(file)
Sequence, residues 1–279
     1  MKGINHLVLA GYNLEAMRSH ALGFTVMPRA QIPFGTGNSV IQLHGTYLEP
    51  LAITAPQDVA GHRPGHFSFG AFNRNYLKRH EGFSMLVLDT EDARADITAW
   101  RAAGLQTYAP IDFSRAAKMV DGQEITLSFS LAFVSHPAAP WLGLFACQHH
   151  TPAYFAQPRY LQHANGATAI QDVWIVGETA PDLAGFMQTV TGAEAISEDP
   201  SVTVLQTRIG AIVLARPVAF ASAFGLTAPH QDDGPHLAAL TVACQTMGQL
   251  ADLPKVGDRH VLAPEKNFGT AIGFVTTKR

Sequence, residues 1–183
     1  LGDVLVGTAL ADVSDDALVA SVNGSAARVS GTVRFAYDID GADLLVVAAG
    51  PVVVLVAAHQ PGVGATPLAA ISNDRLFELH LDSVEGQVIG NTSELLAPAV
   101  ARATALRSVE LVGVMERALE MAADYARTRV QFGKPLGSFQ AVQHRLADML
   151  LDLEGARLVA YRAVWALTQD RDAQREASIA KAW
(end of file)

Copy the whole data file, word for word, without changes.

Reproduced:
Sequence, residues 1–279
     1  MKGINHLVLA GYNLEAMRSH ALGFTVMPRA QIPFGTGNSV IQLHGTYLEP
    51  LAITAPQDVA GHRPGHFSFG AFNRNYLKRH EGFSMLVLDT EDARADITAW
   101  RAAGLQTYAP IDFSRAAKMV DGQEITLSFS LAFVSHPAAP WLGLFACQHH
   151  TPAYFAQPRY LQHANGATAI QDVWIVGETA PDLAGFMQTV TGAEAISEDP
   201  SVTVLQTRIG AIVLARPVAF ASAFGLTAPH QDDGPHLAAL TVACQTMGQL
   251  ADLPKVGDRH VLAPEKNFGT AIGFVTTKR

Sequence, residues 1–183
     1  LGDVLVGTAL ADVSDDALVA SVNGSAARVS GTVRFAYDID GADLLVVAAG
    51  PVVVLVAAHQ PGVGATPLAA ISNDRLFELH LDSVEGQVIG NTSELLAPAV
   101  ARATALRSVE LVGVMERALE MAADYARTRV QFGKPLGSFQ AVQHRLADML
   151  LDLEGARLVA YRAVWALTQD RDAQREASIA KAW